Great Personalized Start Pages: 6 Alternatives To iGoogle

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alternatives to igoogleIf you’ve not yet heard, Google plans to pull the plug on iGoogle in November 2013 in addition to a few other services like Google Video and Google Mini. Though the company have yet to announce a viable alternative for those who still use the service, comparable start pages do exist.

The best replacement depends entirely on how you use the service, whether it’s for a brief glance at the news and weather before starting a browsing session or as a full blown RSS and social media reader with widgets for everything under the sun. After much time trawling through countless start page services I’ve narrowed it down to this list of six.

If you’ve got your own personal favourite alternative to iGoogle or a particularly strong opinion about the news of the closure then be sure to add your thoughts in the comments, at the end of this post.


Probably the most complete solution for iGoogle refugees, Netvibes really does have a widget for just about anything you could ever want. Read your email, browse the news, single out an RSS feed, view images, update Twitter – the list is (nearly) endless. This is all possible from a free account, and you can even create your dashboard without having to forfeit your email address and sign up.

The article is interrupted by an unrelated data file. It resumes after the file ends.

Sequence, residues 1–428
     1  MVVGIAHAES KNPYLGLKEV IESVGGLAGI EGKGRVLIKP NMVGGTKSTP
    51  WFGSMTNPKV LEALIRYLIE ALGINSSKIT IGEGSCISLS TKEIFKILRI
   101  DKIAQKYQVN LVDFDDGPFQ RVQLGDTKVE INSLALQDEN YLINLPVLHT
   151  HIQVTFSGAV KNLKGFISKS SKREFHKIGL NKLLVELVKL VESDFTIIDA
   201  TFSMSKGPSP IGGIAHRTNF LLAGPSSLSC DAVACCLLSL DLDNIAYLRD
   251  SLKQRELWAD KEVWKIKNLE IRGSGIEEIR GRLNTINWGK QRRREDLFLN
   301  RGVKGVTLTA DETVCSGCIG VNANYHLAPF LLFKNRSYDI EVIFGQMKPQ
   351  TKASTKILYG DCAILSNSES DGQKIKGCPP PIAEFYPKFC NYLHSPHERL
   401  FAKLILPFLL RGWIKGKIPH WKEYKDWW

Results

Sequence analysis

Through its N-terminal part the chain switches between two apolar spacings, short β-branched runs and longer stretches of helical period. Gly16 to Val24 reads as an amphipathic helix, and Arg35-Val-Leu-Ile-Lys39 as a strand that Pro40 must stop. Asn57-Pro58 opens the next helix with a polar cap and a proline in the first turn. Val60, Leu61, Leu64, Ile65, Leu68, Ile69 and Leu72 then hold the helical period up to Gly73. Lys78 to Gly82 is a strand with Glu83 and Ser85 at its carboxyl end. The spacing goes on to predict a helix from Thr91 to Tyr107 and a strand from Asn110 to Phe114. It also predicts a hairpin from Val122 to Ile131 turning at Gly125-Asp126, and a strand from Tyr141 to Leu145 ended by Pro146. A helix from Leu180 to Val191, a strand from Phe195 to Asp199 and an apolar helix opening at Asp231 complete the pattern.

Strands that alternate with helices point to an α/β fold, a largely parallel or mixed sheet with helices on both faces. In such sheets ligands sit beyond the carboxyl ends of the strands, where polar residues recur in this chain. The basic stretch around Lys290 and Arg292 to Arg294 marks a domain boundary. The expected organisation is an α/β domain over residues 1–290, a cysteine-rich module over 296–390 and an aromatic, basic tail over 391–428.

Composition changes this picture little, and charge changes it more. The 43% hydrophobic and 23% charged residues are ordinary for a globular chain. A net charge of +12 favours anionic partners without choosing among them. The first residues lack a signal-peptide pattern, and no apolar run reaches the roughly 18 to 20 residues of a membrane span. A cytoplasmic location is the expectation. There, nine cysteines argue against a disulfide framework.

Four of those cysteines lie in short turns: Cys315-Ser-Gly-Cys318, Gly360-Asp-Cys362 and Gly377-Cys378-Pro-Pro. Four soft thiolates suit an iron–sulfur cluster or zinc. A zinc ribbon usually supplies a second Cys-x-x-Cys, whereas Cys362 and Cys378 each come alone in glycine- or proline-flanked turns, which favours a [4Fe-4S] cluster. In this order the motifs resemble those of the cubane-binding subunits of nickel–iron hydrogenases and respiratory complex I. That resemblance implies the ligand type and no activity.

alternatives to igoogle

There is an easy to miss button at the top of the screen for toggling between “widget” and “reader” mode, while services can be split across multiple tabs in order to keep some sort of order. The premium service provides some very powerful tools for analysing trends and monitoring online activity in real-time, and at $499 per month for a single user it sure is a “premium” service.

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The free option will be suitable for most of us though, and it’s the perfect (and most powerful) alternative to iGoogle.